# kubeconfig endpoint in the dashboard, i.e.
# OIDC provider's root CA certificates chain, see
# the section further down in this document for more
# information on how to generate this
These values must match the configuration used for the
oauth Helm chart (Dex). Define
issuerClientID in Dex by editing your
values.yaml used for setting Dex up:
- id: kubermaticIssuer
name: Kubermatic OIDC Issuer
secret: "" # put the value of issuerClientSecret here
- https://example.com/api/v1/kubeconfig # issuerRedirectURL
Root CA Certificates Chain
In order to verify OIDC provider’s certificate in
kubermatic-controller-manager when establishing
TLS connection, a public root CA certificate is required. Ideally the whole chain including all intermediate
CAs certificates is included. Note that we expect that all certificates will be PEM encoded.
For example if the certificate used by your provider was issued by Let’s Encrypt. You can visit
Let’s Encrypt to download the necessary certificates and use the
following command to prepare the bundle.
cat isrgrootx1.pem.txt lets-encrypt-x3-cross-signed.pem.txt > caBundle.pem
This bundle must then be copied verbatim into the
After all values are set up, it’s time to update the KKP master cluster. Update the
oauth chart first:
helm --namespace oauth upgrade --install --wait --values values.yaml oauth charts/oauth/
helm upgrade --install --wait --timeout 300 --values values.yaml --namespace oauth oauth charts/oauth/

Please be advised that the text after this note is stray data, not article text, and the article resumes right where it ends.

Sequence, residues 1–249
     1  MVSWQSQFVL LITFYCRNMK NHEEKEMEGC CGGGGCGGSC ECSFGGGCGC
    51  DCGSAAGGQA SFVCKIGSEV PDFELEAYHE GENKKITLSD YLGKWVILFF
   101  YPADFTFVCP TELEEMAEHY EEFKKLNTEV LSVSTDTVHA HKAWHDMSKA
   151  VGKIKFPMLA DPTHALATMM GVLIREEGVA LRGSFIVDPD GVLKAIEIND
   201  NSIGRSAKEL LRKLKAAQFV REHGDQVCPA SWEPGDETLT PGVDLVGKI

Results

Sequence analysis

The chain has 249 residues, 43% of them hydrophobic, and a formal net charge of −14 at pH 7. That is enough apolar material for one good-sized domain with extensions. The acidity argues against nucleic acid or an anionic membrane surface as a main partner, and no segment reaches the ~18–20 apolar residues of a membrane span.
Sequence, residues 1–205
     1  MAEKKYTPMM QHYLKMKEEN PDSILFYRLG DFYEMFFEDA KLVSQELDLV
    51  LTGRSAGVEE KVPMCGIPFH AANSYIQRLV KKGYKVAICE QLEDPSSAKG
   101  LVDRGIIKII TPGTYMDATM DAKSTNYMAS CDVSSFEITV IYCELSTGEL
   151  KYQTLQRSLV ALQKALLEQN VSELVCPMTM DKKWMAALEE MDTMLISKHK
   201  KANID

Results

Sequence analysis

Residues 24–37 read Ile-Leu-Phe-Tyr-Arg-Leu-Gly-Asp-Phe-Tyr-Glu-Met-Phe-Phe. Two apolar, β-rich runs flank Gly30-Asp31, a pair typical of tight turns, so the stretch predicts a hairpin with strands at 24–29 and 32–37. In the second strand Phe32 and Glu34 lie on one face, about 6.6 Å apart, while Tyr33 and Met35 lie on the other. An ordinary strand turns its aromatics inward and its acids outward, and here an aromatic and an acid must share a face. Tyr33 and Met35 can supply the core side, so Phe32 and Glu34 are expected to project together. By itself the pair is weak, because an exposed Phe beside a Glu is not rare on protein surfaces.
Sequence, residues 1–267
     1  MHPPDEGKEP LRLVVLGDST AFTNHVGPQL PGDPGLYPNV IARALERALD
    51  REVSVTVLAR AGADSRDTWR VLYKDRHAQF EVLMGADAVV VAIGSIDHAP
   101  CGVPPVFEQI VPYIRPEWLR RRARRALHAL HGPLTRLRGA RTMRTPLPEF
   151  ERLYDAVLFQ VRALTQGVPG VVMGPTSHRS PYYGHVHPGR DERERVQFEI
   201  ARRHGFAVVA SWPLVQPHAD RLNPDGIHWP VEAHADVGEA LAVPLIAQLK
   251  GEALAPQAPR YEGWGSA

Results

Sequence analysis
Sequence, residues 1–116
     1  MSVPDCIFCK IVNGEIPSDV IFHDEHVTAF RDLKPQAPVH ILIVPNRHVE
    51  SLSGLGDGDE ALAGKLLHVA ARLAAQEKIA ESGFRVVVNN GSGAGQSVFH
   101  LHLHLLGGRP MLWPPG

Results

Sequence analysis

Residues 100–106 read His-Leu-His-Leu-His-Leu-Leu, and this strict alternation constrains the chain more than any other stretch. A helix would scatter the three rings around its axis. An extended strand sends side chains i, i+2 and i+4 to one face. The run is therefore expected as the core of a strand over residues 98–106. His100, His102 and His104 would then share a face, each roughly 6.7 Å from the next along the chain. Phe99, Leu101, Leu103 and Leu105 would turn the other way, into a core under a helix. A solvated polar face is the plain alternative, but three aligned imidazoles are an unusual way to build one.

Now that the issuer is available, update the
kubectl -n kubermatic apply -f kubermaticconfig.yaml
After the operator has reconciled the KKP installation, OIDC auth will become available.
Role-Based Access Control Predefined Roles
KKP provides predefined roles and cluster roles to help implement granular permissions for specific resources
and to simplify access control across the user cluster. All of the default roles and cluster roles are labeled
|admin||Allows admin access. allows read/write access to most resources in a namespace, including the ability to create roles and role bindings within the namespace. This role does not allow write access to resource quota or to the namespace itself.|
|edit||Allows read/write access to most objects in a namespace. This role does not allow viewing or modifying roles or role bindings. However, this role allows accessing secrets and running pods as any service account in the namespace|
|view||Allows read-only access to see most objects in a namespace. It does not allow viewing roles or role bindings.|
|namespace-admin||Allows admin access. Allows read/write access to most resources in a namespace.|
|namespace-editor||Allows read/write access to most objects in a namespace. This role allows accessing secrets and running pods as any service account in the namespace|
|namespace-viewer||Allows read-only access to see most objects in a namespace.|
The cluster owner is automatically connected to the
admin cluster role.
The project user with owner and editor privileges can add and remove bindings to existing roles and cluster roles.